TUESDAY, Nov. 2 (HealthDay News) -- The U.S. Food and Drug Administration (FDA) is not doing its job of properly monitoring the safety of medical devices, the authors of a new report charge.
The FDA has the authority to approve both drugs and medical devices, but the investigators believe that the division responsible for device approval and safety is lax in both its initial approval of devices and its ongoing monitoring of related problems.
"The agency often misses problematic devices," contends lead author Shannon Brownlee, an instructor at the Dartmouth Institute for Health Policy and Clinical Practice.
The report is published in the Nov. 3 online edition of the BMJ.
In their article, Brownlee and New York-based medical investigative journalist Jeanne Lenzer focus on the FDA's approval and follow-up of a device that prevents or reduces seizures in patients with epilepsy who don't respond to drug treatment.
This apparatus, called a vagus nerve stimulator (VNS) is made by Texas-based Cyberonics. The VNS, which is implanted under the skin, works by sending electrical impulses to stimulate the vagus nerve in the neck.
The FDA approved the device in 1997 and some 60,000 patients around the world are using it, according to the manufacturer. In 2005, the FDA also okayed the device as a treatment for medication-resistant depression. There are some 5,000 people who use VNS to treat depression, Cyberonics says.
Brownlee and Lenzer's concern: That during the 13 years the device has been on the market there have been 900 FDA-reported deaths of people using the device to control their epilepsy.
The question of whether any of these deaths were due to the device remains unanswered, however, even though Cyberonics did conduct the post-marketing study the FDA requested at the time of approval. However, the FDA did not require the study to report the cause of death for individuals using the device, Brownlee and Lenzer said.
FDA spokeswoman Karen Riley said the agency is engaged in an ongoing effort to improve overall medical device safety monitoring. "We have an initiative underway to strengthen post-market monitoring," she said.
But Brownlee believes the story of the VNS device to be just one example of the FDA's failure to monitor the safety of medical devices before and after they are out in the marketplace. For example, she pointed out that less than one-third of devices approved under FDA's pre-market approval process had ever been evaluated in a randomized trial.
And she said that it was physicians, not the FDA, who spotted serious problems with certain implanted defibrillators, for example. "It was physicians keeping their own database that alerted the company to the problem," Brownlee said.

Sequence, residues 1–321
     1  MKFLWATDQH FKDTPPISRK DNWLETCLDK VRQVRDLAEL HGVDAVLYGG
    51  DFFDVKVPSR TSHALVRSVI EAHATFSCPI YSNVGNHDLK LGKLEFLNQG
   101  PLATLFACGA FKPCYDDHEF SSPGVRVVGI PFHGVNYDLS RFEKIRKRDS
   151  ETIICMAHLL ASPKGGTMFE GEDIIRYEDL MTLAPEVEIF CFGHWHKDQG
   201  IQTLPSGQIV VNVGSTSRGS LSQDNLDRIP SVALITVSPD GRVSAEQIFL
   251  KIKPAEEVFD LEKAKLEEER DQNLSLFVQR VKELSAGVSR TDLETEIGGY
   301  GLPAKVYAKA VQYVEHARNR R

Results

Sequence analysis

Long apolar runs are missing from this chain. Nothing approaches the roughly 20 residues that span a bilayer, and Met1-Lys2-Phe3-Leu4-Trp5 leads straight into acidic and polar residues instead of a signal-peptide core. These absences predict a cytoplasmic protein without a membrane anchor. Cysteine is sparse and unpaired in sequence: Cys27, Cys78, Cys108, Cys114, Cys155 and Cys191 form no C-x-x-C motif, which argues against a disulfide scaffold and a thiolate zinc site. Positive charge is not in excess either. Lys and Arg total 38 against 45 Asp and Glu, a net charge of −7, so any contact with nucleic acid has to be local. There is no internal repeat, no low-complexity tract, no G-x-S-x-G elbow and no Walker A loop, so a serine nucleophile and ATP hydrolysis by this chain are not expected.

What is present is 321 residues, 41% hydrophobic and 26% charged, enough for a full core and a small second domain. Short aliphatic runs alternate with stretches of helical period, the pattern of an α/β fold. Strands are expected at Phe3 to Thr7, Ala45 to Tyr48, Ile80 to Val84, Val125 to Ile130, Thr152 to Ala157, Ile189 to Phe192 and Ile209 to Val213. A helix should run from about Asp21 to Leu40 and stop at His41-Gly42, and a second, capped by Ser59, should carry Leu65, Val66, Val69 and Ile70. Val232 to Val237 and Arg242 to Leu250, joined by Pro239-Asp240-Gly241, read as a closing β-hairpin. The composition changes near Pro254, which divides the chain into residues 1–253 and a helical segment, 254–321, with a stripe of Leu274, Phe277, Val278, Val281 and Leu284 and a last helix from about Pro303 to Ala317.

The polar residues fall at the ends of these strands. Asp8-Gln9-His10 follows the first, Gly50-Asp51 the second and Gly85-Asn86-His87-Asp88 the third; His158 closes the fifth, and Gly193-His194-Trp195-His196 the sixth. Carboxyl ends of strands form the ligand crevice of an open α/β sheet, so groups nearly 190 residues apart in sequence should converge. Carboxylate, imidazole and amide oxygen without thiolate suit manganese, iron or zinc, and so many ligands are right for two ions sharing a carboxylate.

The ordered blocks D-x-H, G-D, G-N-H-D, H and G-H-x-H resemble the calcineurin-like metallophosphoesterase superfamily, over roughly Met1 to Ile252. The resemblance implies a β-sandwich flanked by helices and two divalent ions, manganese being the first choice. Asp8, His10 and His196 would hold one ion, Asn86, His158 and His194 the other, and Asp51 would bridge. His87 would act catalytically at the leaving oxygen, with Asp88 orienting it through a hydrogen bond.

Moreover, she believes the agency is not capable of detecting potentially unsafe devices through its own harms database. Brownlee cited a finding that many post-approval studies are either not done, or conducted so poorly "as to be meaningless."
According to the BMJ, the FDA referred Brownlee and Lenzer to five post-approval studies that they said established the device's safety. However, Brownlee said these studies do not prove the device was not the cause of deaths, since none contained mortality data.
Brownlee also said that when the device was approved for depression it was over the objection of FDA's own panel of scientists. And, according to Brownlee, the company has suggested that VNS may be useful for a wide range of other ailments, including obesity, stroke and traumatic brain injury, and has patented the device for these potential therapies.
According to Brownlee, the FDA will only improve when it gets more staff, better funding, more authority and more outside experts to objectively evaluate device safety.
The new findings come on the heels of a recent embarrassment for the agency: In October, the FDA apologized for mistakenly approving the Menaflex knee implant over objections from its own scientists. In its announcement, the FDA admitted it caved to political pressure from New Jersey senators and a congressman. The FDA has now taken steps to rescind that approval.
"I have sympathy for the FDA, which is understaffed and underfunded in many areas," Brownlee said. "But there is no question that this agency had been captured by the very industries that it is supposed to regulate," she said.
Defending the VNS, Cyberonics chief financial officer Greg Browne said that "none of the approximately 900 deaths reported to the FDA were attributed to VNS therapy."
"Available data demonstrate that all-cause mortality rates for VNS therapy patients are less than half the rates in the comparable non-VNS epilepsy patient population," he added.
Dr. Jerry Avorn, professor of medicine at Harvard Medical School and author of an accompanying journal editorial, agreed with the article's authors that, "until recently the part of FDA that approves devices has been run in a much more loose manner than the part of FDA that approves drugs."
While the FDA has started to deal with some of these problems, "it's still more of a wild west environment than the drug side of FDA," he added.
The agency needs to look harder at the standards it uses when approving new devices, and should revamp its surveillance systems to spot people who have received faulty devices, he added.
"All government regulation is not a bad thing," Avorn said. "It can sometime be life-saving," he said.
For more information on the FDA and medical devices, visit the U.S. Food and Drug Administration.
SOURCES: Shannon Brownlee, M.S., instructor, Dartmouth Institute for Health Policy and Clinical Practice, Hanover, NH; Jerry Avorn, M.D., professor of medicine, Harvard Medical School, Boston; Karen Riley,spokeswoman, U.S. Food and Drug Administration; Greg Browne, chief financial officer, Cyberonics; Nov. 3, 2010, BMJ, online
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